Is what causes a collision to be elastic or less elastic that the material compresses and redirects some of the force in directions other than the vector of the initial force? This has got me thinking about why when you bump jello and it shakes why does it ever stop shaking. Maybe it has to do with waves or friction on the microscopic level. I don't understand whether forces ever cancel each other out or the opposite principal that for every action there is an equal and opposite reaction. Physics really interests me and I wish I knew more about it.

    Oh also I have had rare live catches where the ball immediately stopped I just figure I need to get better at the skill for it to happen more regularly.
    Last edited: Sep 12, 2014
  7. Sep 12, 2014 #6
    Physically - I believe part of this action is based on the rotational inertia of the ball, it is rolling "into" the flipper and can not instantly change its rotation, some of the energy makes the ball pop up, but also the 1-3" that the ball does rebound it is still rotating, as it if is rolling down, as it lands the rotational inerta drives the ball back towards the flipper.
  8. Sep 12, 2014 #7
    That video isn't a really "good" live catch. I really good one actually does stop the ball then it rolls back to a cradle as opposed to a jump back to the cradle position.
  9. Sep 12, 2014 #8


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    There's some type of solenoid mechanism to drive the flipper, and some type of stop to limit how far forwards the flipper can rotate, but there's some slop in this, so the flipper (and whatever is directly attched to the flipper) momentum causes the flipper to move a bit forwards after reaching the stop. If the ball collides with the fliipper during this time, then it's just the flippers momentum involved during the collision. If the stop is soft and compressable, then the final portion of the flippers forward rotation involves decreased net torque, allowing it to absorb some of the momentum.
    Last edited: Sep 12, 2014
  10. Sep 12, 2014 #9
    These responses are very helpful but also bring up more questions and make me wonder which combination of factors fully explains the phenomenon. Here is what they are saying about it on pinside


    Here is a better video of a perfect live catch
    http://killscreendaily.com/media/uploads/live-catch-%5Bthe-addams-family%5D-tumblr.gif [Broken]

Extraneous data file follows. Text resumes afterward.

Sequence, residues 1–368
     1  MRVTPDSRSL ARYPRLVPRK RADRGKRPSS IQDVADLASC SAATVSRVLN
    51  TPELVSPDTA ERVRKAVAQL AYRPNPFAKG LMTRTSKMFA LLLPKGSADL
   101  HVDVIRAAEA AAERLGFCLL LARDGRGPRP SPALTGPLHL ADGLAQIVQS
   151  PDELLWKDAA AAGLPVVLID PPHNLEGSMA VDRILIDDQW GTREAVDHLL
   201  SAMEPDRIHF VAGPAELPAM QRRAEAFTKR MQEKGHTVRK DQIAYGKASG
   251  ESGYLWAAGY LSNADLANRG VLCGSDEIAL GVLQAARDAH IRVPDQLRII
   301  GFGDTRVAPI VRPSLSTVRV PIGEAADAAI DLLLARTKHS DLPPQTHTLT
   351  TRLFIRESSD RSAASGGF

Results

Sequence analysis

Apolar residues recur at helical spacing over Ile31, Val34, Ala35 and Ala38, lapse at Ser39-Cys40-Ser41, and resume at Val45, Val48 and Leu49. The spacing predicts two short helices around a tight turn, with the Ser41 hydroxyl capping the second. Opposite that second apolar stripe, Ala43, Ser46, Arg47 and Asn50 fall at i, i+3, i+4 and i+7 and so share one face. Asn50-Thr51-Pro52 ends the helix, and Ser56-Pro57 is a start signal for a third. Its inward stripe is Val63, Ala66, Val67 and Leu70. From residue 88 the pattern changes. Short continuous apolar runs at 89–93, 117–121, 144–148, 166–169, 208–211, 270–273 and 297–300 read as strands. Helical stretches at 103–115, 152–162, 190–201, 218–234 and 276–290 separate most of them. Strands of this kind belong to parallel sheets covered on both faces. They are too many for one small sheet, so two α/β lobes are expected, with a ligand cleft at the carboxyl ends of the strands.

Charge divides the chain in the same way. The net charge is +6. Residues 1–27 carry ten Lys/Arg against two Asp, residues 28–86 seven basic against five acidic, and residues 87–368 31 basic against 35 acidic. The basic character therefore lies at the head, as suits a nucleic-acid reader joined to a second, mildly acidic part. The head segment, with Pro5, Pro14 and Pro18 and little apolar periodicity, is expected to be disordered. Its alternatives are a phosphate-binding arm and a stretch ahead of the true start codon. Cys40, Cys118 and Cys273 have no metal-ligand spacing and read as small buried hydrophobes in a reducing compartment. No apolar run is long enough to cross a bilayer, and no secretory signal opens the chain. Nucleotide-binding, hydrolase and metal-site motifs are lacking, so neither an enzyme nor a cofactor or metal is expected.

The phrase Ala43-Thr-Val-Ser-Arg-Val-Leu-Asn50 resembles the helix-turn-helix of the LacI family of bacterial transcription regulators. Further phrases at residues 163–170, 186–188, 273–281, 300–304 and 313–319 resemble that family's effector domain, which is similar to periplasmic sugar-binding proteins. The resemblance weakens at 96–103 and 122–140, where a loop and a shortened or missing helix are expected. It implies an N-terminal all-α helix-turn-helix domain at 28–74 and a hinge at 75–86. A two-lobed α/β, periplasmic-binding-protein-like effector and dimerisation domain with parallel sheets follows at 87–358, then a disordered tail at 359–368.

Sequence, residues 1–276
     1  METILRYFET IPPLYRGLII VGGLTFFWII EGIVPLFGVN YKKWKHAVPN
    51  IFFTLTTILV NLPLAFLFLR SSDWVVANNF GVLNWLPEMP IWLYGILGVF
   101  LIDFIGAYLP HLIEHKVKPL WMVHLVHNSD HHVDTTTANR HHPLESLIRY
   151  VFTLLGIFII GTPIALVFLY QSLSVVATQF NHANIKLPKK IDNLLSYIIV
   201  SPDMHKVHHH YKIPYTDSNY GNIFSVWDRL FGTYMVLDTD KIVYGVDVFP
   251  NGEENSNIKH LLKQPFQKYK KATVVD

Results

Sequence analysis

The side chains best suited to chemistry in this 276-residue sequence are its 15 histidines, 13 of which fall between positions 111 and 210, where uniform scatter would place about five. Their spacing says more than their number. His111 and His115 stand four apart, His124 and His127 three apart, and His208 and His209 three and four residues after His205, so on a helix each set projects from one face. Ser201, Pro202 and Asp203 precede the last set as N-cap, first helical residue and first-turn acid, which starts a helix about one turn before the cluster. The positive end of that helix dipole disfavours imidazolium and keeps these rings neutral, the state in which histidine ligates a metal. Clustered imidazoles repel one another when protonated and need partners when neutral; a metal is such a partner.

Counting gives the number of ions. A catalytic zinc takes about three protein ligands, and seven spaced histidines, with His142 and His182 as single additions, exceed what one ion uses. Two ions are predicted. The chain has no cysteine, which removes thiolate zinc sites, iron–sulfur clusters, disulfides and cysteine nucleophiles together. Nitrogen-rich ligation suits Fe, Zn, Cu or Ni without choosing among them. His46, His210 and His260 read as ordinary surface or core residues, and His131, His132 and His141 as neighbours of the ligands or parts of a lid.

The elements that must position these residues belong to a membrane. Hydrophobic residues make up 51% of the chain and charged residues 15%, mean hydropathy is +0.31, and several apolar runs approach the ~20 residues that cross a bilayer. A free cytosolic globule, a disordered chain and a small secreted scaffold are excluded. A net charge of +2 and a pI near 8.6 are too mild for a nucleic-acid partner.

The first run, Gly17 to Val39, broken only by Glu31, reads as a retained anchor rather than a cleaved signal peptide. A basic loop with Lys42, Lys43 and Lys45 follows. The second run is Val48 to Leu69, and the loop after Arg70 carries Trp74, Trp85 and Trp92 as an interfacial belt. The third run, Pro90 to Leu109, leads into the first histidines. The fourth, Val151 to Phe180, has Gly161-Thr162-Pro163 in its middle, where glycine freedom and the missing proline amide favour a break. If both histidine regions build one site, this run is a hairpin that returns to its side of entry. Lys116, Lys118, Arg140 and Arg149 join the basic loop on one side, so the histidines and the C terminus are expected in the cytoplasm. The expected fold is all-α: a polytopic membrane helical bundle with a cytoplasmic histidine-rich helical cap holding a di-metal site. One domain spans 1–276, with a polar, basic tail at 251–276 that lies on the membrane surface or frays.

Last edited by a moderator: May 6, 2017
  11. Sep 12, 2014 #10


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    One of the comments is that momentum is lost, it isn't lost, just transferred to something else (eventually the pinball machine and even the earth). Energy can be lost from a collision by converting some of it to heat such as compression of rubber. The thread did mention that some flipper rubbers are too elastic to do a live catch. The slop explanation is what I've heard before. The pool ball analogy is also flawed, since in a no spin straight on collision, the moving ball completely stops and the other ball moves away about the same speed as the original ball, since the collision is nearly elastic. Similarly for the flipper, if due to slop and some overshoot, the solenoid doesn't drive the flipper unless it's moved back to before it's normal solenoid driven position. Depending on the effective inertia of the flipper and whatever is attached to the flipper, combined with how elastic the collsion is, then stopping the ball and moving the flipper back a bit is one possible outcome. As mentioned previously, the rolling motion of the ball reduces the bounce.
  12. Sep 12, 2014 #11
    I'm a little tipsy so I'm going to save the thoughtful response for later. I am at a bar and experimented with the pool balls. One moving ball hitting another moving ball transfers the momentum into the other ball fully and due to my imperfect operation of this experiment haha the first ball may slowly roll off to the side at nearly a 90 degree angle to the original vector

    I was referring to two balls moving at the same speed directly toward each other along a line. In this case they bounce apart at the same rate
    Minus friction. So with the flipper it must absorb the energy from the ball by being pushed back. Elastic collisions seem to occur in an instant whereas inelastic collisions occur over a period of a fraction of a second and allow for deceleration. Correct?
    That seems irrelevant upon more consideration.
    Last edited: Sep 12, 2014